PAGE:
Data from: Development and evaluation of 200 novel SNP assays for population genetic studies of westslope cutthroat trout and genetic identification of related taxa
Campbell, Nathan R. et al. (2012), Data from: Development and evaluation of 200 novel SNP assays for population genetic studies of westslope cutthroat trout and genetic identification of related taxa, Dryad, Dataset, https://doi.org/10.5061/dryad.2m3h2m5p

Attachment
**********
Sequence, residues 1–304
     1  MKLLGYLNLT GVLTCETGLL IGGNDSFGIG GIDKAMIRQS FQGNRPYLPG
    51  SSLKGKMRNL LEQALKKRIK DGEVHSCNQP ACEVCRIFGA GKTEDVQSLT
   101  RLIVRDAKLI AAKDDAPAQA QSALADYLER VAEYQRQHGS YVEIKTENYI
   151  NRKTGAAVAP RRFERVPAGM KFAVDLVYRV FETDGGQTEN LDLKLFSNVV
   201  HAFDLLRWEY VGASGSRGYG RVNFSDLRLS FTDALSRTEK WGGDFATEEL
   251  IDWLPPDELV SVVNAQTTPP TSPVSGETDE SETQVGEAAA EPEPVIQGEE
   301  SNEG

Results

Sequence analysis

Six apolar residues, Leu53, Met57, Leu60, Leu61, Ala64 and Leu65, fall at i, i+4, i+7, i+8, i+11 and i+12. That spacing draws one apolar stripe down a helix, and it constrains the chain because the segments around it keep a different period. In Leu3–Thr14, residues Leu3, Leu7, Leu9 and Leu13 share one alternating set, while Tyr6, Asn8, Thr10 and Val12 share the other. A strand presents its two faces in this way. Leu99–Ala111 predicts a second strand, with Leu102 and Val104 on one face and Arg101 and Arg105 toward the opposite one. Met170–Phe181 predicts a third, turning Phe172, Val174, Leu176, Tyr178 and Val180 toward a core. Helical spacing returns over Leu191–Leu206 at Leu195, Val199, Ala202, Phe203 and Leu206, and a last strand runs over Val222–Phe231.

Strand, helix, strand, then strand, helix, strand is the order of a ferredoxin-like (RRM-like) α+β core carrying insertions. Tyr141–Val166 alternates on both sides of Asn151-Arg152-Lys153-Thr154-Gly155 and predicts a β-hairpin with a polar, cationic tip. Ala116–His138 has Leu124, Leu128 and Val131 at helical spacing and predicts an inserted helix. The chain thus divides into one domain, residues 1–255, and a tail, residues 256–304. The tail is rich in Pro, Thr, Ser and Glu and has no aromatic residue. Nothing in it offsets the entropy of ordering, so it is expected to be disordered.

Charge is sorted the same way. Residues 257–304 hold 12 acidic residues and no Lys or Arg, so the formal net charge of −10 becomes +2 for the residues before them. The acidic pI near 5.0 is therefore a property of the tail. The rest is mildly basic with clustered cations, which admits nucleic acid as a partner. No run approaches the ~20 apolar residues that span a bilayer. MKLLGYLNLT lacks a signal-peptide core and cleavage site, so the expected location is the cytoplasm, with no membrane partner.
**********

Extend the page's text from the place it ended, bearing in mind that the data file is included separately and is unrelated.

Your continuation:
DNA sequence data were collected and screened for single nucleotide polymorphisms (SNPs) in westslope cutthroat trout (Oncorhynchus clarki lewisi) and also for substitutions that could be used to genetically discriminate rainbow trout (O. mykiss) and cutthroat trout, as well as several cutthroat trout subspecies. In total, 260 expressed sequence tag-derived loci were sequenced and allelic discrimination genotyping assays developed from 217 of the variable sites. Another 50 putative SNPs in westslope cutthroat trout were identified by restriction-site-associated DNA sequencing, and seven of these were developed into assays. Twelve O. mykiss SNP assays that were variable within westslope cutthroat trout and 12 previously published SNP assays were also included in downstream testing. A total of 241 assays were tested on six westslope cutthroat trout populations (N = 32 per population), as well as collections of four other cutthroat trout subspecies and a population of rainbow trout. All assays were evaluated for reliability and deviation from Hardy–Weinberg and linkage equilibria. Poorly performing and duplicate assays were removed from the data set, and the remaining 200 assays were used in tests of population differentiation. The remaining markers easily distinguished the various subspecies tested, as evidenced by mean GST of 0.74. A smaller subset of the markers (N = 86; average GST = 0.40) was useful for distinguishing the six populations of westslope cutthroat trout. This study increases by an order of magnitude the number of genetic markers available for the study of westslope cutthroat trout and closely related taxa and includes many markers in genes (developed from ESTs).